Occupational exposures to engine exhausts and other PAHs and breast cancer risk: A population-based case-control study

Rajni Rai, Deborah C. Glass, Jane S. Heyworth, Christobel Saunders, Lin Fritschi

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15 Citations (Scopus)


Background: Some previous studies have suggested that exposure to engine exhausts may increase risk of breast cancer. Methods: In a population-based case-control study of breast cancer in Western Australia we assessed occupational exposure to engine exhausts using questionnaires and telephone interviews. Odds Ratios (OR) and 95% Confidence Intervals (CI) were calculated using logistic regression. Results: We found no association between risk of breast cancer and occupational exposure to diesel exhaust (OR 1.07, 95%CI: 0.81-1.41), gasoline exhaust (OR 0.98, 95%CI: 0.74-1.28), or other exhausts (OR 1.08, 95%CI: 0.29-4.08). There were also no significant dose- or duration-response relationships. Conclusions: This study did not find evidence supporting the association between occupational exposures to engine exhausts and breast cancer risk.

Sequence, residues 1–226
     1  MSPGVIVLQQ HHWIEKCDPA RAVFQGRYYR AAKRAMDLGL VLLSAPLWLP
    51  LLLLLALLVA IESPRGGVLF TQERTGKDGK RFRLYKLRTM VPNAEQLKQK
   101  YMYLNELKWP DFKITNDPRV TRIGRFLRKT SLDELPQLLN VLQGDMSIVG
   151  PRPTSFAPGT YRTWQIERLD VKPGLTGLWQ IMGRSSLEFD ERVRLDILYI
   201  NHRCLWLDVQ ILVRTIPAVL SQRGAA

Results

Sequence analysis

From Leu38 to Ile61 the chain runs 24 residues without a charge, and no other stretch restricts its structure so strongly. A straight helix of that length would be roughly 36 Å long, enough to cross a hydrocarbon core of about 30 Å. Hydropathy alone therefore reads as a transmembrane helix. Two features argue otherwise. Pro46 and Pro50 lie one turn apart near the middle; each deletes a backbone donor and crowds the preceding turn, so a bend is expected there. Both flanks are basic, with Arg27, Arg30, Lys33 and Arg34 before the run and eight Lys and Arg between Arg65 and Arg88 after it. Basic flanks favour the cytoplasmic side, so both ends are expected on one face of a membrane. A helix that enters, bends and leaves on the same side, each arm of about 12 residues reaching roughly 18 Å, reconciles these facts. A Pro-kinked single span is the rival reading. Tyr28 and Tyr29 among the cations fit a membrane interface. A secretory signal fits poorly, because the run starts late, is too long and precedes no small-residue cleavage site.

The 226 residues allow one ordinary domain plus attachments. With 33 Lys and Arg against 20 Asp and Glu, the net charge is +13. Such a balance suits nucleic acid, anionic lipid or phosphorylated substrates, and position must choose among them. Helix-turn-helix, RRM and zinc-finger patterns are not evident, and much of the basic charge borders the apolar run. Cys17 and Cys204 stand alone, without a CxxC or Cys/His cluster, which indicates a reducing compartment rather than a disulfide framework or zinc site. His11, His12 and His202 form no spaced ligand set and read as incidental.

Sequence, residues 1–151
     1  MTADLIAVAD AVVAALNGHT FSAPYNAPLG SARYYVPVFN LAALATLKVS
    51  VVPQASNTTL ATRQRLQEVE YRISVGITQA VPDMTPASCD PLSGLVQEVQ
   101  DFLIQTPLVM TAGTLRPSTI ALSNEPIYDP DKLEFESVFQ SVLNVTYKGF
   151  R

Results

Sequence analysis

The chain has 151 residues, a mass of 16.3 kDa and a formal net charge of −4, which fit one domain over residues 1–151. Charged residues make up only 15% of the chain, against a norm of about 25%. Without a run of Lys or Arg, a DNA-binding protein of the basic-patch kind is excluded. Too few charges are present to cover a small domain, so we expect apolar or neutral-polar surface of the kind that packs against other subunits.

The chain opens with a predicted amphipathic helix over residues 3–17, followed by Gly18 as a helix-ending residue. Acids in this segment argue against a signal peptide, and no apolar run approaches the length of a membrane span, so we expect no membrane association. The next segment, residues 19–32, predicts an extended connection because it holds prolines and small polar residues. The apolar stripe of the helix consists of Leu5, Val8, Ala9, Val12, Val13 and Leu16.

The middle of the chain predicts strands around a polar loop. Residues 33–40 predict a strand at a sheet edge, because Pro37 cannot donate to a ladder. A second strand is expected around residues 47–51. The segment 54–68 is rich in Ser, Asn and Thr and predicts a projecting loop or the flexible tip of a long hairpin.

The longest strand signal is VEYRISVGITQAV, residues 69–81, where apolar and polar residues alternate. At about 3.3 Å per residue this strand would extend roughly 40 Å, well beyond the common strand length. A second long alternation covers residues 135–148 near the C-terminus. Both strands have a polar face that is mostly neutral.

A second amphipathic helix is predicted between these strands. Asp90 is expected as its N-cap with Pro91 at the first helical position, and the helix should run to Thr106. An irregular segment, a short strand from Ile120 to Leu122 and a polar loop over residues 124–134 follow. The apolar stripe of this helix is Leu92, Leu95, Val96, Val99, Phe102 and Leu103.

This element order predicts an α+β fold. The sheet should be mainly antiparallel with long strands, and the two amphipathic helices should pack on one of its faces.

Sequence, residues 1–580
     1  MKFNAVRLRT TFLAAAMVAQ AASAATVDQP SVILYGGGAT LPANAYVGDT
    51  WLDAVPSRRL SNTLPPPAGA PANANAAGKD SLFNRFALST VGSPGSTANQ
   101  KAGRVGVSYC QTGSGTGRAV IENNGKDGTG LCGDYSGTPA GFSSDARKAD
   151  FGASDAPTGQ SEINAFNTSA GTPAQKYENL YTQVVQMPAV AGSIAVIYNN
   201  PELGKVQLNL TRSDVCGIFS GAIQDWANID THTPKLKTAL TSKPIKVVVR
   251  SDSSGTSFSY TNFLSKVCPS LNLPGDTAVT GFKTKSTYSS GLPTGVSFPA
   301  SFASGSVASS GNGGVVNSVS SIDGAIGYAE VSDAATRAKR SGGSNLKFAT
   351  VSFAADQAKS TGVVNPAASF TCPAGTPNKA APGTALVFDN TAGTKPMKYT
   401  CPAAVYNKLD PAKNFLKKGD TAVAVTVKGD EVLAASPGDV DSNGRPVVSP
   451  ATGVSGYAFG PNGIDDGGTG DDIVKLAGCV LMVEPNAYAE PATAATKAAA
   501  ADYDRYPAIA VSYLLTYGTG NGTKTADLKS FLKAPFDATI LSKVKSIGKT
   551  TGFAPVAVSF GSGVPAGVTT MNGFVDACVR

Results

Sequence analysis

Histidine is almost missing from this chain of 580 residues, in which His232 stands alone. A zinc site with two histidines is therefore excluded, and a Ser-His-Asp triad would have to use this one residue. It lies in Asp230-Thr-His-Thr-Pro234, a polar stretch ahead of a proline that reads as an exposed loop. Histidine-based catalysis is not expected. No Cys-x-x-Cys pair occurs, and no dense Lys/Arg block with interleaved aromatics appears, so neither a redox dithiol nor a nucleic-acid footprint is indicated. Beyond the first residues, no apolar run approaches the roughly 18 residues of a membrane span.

Original languageEnglish
Pages (from-to)437-444
Number of pages8
JournalAmerican Journal of Industrial Medicine
Issue number6
Publication statusPublished - 1 Jun 2016


  • breast cancer
  • case-control
  • vehicle exhaust
  • diesel exhaust

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